by Merv Adrian | July 10, 2013 | 7 Comments
I had the privilege of keynoting this year’s Hadoop Summit, so I may be a bit prejudiced when I say the event confirmed my assertion that we have arrived at a turning point in Hadoop’s maturation. The large number of attendees (2500, a solid increase – and more “suits”) and sponsors (70, also a significant uptick) made it clear that growth is continuing. Gartner’s data confirms this – my own inquiry rate continues to grow, and my colleagues covering big data and Hadoop are all seeing steady growth too. But it’s not all sweetness and light. There are issues. Here we’ll look at the centerpeice of the technical messaging: YARN. Much is expected – and we seem to be doomed to wait a while longer.
Here is a great summary of YARN, also known as Hadoop 2.0, posted after the Summit:
MapReduce is great for batch processing large volumes of distributed data, but it’s less than ideal for real-time data processing, graph processing and other non-batch methods. YARN is the open source community’s effort to overcome this limitation and transform Hadoop from a One Trick Pony to a truly comprehensive Big Data management and analytics platform.
Sounds great, doesn’t it? Problem is this was posted by Jeff Kelly last August, after Hadoop Summit 2012. Now, YARN is being used – on Yahoo’s 30,000 nodes, for example – but Apache still calls it Alpha as of this writing (July 9, 2013.) Next announcement, when it comes, will be beta. Some distributions, like Cloudera CDH 4.2, are already supporting it anyway. Hortonworks HDP 2.0, which includes YARN, is in Community Preview (what we enterprise guys like to call beta). MapR doesn’t list it yet – the search engine on their site comes up empty if you search for it. So we aren’t quite there yet.
One other note: confusion continues – I see it in my inquiries abut “what IS Hadoop?” Two of what Apache lists as the 3 core Hadoop components will be substitutable now – you can already swap out HDFS for IBM’s GPFS, Intel’s Lustre, or MapR’s storage layer. As YARN comes to market, other engines will be swappable for MapReduce. Graph engines and “closer to real-time” processing are next on the horizon, as Storm is getting great traction and several Summit presenters of real world case studies alluded to their use of it. Yahoo! has open sourced its Storm-YARN code, which it runs internally, so expect more productionization ahead. So the answer to “what is Hadoop, exactly?” will become even more complicated.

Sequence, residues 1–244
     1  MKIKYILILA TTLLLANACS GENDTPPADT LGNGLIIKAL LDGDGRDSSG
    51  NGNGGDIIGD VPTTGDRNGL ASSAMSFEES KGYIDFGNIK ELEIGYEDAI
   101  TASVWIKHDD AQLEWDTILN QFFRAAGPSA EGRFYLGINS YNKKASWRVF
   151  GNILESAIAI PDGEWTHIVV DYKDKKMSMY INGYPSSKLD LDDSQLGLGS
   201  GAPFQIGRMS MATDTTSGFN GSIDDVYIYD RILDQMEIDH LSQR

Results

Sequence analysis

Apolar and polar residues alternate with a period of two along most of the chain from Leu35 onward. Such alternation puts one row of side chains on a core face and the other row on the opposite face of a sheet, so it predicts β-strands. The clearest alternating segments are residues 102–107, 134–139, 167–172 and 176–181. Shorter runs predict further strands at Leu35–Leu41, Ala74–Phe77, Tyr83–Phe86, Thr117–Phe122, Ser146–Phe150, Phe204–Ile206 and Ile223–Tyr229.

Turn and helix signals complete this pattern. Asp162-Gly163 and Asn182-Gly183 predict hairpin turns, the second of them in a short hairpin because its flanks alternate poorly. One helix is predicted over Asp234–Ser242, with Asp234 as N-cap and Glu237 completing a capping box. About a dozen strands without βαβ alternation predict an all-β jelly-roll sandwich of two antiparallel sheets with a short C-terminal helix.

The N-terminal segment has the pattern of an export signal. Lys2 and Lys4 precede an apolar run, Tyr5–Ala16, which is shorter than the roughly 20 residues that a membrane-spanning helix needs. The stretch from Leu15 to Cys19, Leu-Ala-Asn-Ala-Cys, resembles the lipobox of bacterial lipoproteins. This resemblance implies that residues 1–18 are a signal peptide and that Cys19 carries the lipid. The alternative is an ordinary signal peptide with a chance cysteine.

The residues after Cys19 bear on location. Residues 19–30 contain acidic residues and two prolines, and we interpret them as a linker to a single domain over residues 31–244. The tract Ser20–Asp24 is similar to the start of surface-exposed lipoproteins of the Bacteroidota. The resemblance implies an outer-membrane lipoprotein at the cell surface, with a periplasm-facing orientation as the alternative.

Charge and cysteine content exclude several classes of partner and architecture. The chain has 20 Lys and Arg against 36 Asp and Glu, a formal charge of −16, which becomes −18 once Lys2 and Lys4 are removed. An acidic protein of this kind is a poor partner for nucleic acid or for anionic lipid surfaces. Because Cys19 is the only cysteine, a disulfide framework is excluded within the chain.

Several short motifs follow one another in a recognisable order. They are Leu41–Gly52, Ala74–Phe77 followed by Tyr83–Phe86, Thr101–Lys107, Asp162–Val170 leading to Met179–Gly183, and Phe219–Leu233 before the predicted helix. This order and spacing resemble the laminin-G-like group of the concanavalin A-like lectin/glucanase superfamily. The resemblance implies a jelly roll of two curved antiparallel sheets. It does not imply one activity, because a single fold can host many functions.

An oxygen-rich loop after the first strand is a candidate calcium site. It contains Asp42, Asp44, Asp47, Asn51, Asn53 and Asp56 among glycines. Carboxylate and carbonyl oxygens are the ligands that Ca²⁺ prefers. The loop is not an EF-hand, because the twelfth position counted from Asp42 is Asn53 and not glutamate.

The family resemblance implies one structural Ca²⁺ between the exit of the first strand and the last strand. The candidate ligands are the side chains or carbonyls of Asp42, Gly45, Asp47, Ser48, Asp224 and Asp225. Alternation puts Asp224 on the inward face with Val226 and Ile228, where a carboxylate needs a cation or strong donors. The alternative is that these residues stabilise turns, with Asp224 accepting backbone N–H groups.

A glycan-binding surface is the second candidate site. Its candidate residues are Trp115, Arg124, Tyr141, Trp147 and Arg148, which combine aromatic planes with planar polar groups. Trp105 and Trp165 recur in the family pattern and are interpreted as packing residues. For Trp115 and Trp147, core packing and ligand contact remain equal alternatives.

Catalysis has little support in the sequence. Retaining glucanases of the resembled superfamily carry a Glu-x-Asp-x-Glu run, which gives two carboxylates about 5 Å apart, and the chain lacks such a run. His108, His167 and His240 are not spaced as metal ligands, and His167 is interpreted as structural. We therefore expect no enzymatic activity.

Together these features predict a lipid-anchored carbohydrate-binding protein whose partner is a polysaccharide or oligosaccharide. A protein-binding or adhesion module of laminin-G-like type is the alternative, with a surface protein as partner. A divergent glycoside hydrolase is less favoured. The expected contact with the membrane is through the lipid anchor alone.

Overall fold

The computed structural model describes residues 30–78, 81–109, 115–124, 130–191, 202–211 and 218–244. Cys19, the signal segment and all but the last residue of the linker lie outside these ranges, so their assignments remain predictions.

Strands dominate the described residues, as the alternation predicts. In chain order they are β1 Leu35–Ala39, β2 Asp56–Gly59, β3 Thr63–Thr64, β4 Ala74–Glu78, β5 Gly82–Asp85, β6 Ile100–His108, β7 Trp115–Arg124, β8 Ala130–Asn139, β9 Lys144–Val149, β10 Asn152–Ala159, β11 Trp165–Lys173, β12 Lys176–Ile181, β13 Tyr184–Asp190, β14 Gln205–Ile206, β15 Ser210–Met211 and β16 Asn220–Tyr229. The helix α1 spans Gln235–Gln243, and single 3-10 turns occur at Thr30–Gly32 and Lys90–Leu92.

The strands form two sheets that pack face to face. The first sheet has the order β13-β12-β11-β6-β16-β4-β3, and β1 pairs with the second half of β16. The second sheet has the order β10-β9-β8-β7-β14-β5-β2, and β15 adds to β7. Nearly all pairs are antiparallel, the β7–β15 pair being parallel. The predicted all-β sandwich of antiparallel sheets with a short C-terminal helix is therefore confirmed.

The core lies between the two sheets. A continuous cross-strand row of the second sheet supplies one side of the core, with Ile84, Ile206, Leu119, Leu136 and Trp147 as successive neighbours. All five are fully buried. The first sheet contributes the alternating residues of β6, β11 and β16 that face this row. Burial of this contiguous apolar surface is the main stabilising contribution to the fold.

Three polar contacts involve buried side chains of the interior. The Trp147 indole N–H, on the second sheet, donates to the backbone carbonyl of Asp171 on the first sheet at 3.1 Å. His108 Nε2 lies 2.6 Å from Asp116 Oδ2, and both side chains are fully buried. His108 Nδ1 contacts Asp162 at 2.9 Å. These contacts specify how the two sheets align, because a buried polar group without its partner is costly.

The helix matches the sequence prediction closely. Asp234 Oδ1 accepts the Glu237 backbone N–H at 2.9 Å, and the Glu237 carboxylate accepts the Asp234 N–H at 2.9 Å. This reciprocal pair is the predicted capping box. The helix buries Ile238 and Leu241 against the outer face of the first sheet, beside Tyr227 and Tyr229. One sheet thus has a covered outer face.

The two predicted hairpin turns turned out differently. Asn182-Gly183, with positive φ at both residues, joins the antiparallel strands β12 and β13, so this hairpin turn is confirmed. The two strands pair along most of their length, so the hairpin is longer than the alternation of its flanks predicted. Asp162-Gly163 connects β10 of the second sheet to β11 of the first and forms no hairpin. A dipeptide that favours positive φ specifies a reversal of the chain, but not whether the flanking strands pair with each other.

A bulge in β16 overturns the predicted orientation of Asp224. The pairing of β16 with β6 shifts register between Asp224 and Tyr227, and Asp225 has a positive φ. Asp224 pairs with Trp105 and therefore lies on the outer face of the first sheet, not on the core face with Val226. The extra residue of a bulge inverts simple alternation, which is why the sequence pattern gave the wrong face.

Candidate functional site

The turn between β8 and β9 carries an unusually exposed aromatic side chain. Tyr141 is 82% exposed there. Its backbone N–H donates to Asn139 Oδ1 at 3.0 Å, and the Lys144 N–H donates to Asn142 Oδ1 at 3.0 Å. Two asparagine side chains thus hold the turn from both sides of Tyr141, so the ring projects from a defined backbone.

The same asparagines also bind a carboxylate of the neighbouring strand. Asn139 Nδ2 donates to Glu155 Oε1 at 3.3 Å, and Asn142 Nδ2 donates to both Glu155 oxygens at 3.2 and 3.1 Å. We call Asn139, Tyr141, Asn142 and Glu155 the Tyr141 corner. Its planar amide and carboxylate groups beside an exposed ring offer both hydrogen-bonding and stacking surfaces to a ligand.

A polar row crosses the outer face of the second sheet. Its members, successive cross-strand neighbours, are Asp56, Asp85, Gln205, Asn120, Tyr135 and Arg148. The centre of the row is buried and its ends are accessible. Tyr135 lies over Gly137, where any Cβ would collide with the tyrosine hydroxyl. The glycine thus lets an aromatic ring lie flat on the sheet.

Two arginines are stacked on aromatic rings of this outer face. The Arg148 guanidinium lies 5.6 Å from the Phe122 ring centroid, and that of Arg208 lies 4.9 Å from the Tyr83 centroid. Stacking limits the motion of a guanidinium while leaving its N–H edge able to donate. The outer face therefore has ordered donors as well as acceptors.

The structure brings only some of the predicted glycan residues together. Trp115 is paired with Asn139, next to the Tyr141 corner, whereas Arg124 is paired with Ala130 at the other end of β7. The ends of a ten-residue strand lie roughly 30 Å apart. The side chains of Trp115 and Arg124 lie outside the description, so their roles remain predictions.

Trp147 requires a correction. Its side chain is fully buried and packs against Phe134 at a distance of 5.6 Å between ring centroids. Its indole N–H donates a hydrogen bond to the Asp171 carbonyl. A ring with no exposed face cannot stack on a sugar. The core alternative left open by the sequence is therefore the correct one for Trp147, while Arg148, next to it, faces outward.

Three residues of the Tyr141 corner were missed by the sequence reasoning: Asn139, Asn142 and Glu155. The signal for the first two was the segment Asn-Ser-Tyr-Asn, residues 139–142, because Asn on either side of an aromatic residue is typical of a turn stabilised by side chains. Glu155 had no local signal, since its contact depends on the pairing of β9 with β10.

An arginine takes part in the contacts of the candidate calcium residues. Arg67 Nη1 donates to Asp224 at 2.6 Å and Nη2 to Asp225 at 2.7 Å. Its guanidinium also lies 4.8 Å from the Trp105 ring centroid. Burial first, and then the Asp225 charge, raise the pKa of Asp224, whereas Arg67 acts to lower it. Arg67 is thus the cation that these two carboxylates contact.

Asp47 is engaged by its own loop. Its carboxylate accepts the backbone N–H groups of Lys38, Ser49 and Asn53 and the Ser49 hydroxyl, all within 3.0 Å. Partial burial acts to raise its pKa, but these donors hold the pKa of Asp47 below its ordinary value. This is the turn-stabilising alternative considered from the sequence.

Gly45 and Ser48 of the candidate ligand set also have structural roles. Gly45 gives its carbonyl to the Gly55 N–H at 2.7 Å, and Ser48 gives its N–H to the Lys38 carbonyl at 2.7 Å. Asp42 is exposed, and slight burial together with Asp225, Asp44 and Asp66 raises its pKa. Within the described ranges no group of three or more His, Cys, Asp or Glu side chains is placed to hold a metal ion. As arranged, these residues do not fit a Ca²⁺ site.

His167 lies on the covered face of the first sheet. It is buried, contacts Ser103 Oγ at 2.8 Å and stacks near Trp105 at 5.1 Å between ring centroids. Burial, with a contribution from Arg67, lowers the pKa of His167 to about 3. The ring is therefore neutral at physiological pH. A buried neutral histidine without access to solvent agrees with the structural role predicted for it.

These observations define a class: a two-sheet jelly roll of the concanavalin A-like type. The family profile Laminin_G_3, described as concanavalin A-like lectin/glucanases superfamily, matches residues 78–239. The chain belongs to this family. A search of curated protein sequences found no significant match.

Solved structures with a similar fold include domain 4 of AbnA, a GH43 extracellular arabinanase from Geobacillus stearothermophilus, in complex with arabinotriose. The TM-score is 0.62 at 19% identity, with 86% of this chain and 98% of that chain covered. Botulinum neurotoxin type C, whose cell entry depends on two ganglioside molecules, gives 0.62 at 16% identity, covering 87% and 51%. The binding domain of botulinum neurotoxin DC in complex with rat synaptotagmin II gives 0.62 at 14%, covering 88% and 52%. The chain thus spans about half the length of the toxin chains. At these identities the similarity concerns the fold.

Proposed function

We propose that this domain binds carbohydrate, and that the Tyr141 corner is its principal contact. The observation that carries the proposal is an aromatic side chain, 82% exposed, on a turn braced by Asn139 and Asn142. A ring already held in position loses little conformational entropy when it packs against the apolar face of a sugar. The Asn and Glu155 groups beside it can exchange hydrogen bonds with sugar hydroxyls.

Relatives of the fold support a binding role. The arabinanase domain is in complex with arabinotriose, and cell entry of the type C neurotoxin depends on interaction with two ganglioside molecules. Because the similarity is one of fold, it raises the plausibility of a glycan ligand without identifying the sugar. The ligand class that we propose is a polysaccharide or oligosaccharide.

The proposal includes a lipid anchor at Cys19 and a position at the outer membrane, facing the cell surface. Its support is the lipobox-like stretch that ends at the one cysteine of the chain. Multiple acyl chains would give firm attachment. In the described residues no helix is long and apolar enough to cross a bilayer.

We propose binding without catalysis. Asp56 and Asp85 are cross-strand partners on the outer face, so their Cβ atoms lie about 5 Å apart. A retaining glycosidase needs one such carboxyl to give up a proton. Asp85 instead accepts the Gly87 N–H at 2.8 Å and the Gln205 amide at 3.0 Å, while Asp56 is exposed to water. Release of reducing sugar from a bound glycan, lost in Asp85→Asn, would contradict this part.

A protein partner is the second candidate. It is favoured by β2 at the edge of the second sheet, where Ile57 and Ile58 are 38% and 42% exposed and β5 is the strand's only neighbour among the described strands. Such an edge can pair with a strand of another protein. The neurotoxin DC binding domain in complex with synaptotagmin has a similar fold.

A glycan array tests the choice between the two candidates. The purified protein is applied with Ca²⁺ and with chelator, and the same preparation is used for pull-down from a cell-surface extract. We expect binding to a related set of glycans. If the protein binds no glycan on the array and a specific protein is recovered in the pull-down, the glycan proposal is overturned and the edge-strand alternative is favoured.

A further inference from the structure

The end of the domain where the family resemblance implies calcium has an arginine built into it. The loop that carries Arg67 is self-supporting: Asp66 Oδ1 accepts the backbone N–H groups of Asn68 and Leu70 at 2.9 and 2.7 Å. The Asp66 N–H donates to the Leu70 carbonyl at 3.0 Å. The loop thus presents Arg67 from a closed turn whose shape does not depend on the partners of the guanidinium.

Will this confusion hurt the market, and slow adoption? Hard to say. The uncertain part of the market remains so; Gartner’s 2012 Research Circle found 31% of enterprises had no plans for Big Data investment. In 2013, the number was the same. YARN will broaden the set of possible use cases, and raise emany questions. Let’s hope it’s ready to start answering them soon.
Category: Apache Apache Yarn Big Data Cloudera Gartner graph databases Hadoop HDFS Hortonworks IBM Intel MapR MapReduce Storm Yahoo! YARN Tags: Apache, big data, Cloudera, Hadoop, HDFS, Hortonworks, IBM, MapR, MapReduce, Yahoo!
by Merv Adrian | March 9, 2013 | 22 Comments
I don’t often do a pure opinion piece but I feel compelled to weigh in on a queston I’ve been asked several times since EMC released its Pivotal HD recently. The question is whether it is somehow inappropriate, even “evil,” for EMC to enter the market without having “enough” committers to open source Apache projects. More broadly, it’s about whether other people can use, incorporate, add to and profit from Apache Hadoop.
The fact is, there is an entire industry building products atop Apache open source code – and that is the point of having Apache license its projects and provide the other services it does for the open source community. The license permits such use, and companies using the Apache web server, Lucene and SOLR, Cassandra and CouchDB, and many others are everywhere. Others are building BI tools or DI tools that integrate with Apache Hadoop, or selling consulting to incorporate it into solutions. Again – that is the point. Having some components of your solution stack provided by the open source community is a fact of life and a benefit for all. So are roads, but nobody accuses Fedex or your pizza delivery guy of being evil for using them without contributing some asphalt. Commercial entities (including software and IT services providers) provide needed products and services, employ people and pay taxes. We might want them to do more charitable work or make more open source contributions , and some do, but they are not morally obligated to do so. Some IT companies make huge commitments to charitable activities and some don’t – the same is true in all sectors of the economy.
I understand why open source advocates think they are defending their turf, and I know it’s a core belief that it matters how many committers you have. But I don’t believe the market will care as Hadoop moves into the mainstream. Buyers will choose the solutions that fit their needs, from suppliers who support them at a price they are comfortable with – and will do so whether the vendors have “enough” committers or not.